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Penn State Scandal: Sandusky Likely To Be Remanded To Jail, Lawyer Says

The news that Jerry Sandusky is being investigated in two more cases of alleged child sex abuse will likely mean that the former Penn State assistant football coach will be remanded to jail before a Dec. 13 preliminary hearing about the case, his lawyer says.

As PennLive.com reports, attorney Joe Amedola told ABC News on Tuesday that "my concern is if they bring new charges based upon new people coming forth, that bail's going to be set, and he's going to wind up in jail."

According to Harrisburg's The Patriot-News ( via PennLive):

"Two cases of child sex abuse alleged against Jerry Sandusky have been opened by Children and Youth Services in Pennsylvania. The cases were reported less than 60 days ago, and so they are still in the initial stages of the investigation. If they are found to be credible, these would be the first known cases to be reported since Sandusky's arrest that involve current children. All of the other publicly known cases of alleged victims coming forward have been adults."

Sandusky already faces 40 counts stemming from the alleged abuse of eight young boys over more than a decade. Some of the incidents allegedly happened on campus. Sandusky says he's innocent, though he has admitted showering with some of the boys. Head football coach Joe Paterno and Penn State President Graham Spanier lost their jobs for allegedly not doing enough to either stop what was allegedly happening or alert authorities after they had been warned.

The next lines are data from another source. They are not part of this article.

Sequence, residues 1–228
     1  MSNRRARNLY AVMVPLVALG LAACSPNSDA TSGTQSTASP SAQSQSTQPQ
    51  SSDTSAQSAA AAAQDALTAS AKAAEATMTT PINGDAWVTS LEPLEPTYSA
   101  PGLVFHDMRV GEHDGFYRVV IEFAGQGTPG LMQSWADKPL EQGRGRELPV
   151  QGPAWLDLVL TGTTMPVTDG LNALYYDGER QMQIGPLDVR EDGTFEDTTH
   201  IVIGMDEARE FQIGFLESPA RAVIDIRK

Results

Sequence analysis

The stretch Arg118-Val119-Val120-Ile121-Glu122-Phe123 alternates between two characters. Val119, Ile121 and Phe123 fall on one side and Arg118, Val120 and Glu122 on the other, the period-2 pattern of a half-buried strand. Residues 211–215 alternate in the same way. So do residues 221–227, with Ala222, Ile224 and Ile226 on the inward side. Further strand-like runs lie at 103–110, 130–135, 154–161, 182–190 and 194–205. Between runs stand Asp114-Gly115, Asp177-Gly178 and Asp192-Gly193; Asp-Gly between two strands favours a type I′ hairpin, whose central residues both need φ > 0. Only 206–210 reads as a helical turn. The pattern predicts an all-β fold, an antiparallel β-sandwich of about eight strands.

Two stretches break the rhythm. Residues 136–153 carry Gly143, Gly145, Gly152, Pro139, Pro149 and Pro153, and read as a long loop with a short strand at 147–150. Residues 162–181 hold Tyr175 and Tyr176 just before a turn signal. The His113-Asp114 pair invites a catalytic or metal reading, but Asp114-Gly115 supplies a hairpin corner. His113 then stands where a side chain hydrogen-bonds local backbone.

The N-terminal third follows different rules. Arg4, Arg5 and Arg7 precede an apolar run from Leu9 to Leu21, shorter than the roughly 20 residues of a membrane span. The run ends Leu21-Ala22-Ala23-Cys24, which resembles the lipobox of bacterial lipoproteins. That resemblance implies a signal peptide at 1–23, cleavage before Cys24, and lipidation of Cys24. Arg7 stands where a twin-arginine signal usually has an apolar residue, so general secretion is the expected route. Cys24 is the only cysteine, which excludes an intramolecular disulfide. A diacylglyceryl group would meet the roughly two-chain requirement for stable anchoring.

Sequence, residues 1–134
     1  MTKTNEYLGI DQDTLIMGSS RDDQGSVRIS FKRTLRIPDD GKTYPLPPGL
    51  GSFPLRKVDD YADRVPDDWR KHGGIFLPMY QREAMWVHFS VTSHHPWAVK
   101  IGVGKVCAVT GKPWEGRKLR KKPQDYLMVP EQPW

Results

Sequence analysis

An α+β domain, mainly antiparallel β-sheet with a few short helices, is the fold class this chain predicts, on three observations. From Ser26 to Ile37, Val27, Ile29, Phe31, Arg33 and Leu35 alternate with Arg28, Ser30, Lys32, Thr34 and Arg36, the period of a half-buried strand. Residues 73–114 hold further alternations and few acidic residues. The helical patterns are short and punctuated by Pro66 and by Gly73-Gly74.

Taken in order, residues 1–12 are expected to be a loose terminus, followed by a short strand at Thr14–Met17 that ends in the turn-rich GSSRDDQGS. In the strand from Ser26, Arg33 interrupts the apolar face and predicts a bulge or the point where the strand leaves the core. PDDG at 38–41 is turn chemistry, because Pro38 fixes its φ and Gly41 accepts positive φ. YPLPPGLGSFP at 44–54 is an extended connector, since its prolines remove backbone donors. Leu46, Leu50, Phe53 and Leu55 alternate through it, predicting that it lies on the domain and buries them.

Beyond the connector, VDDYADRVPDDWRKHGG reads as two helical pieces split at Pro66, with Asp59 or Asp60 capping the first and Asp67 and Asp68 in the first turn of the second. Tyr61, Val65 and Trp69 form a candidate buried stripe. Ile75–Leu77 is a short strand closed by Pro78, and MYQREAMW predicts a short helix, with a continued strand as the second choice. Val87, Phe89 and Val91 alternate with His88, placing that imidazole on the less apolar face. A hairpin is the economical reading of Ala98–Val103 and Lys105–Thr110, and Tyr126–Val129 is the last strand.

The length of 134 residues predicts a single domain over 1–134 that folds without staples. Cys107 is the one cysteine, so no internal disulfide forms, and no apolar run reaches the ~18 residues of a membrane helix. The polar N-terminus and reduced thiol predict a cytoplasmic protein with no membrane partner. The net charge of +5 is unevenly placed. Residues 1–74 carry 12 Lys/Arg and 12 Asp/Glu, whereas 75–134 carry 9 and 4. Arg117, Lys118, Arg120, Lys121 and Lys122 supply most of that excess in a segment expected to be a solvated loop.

Paterno apparently kept a firm grip on any disciplinary actions involving his team. As The Wall Street Journalreported this week, he "clashed repeatedly with the university's former chief disciplinarian over how harshly to punish players who got into trouble, internal emails suggest."

Meanwhile, Reuters says that all four "of the judges in Penn State's home county have now recused themselves from the case against Sandusky, the state courts system said." The first judge on the case, who allowed Sandusky to go free on $100,000 unsecured bail, had ties to the charity for at-risk kids that Sandusky founded. A judge from another county has since been brought in to handle the case and other judges have recused themselves as well "to avoid any appearance of conflict of interest," the court system says.

Copyright 2020 NPR. To see more, visit https://www.npr.org.

Mark Memmott is NPR's supervising senior editor for Standards & Practices. In that role, he's a resource for NPR's journalists – helping them raise the right questions as they do their work and uphold the organization's standards.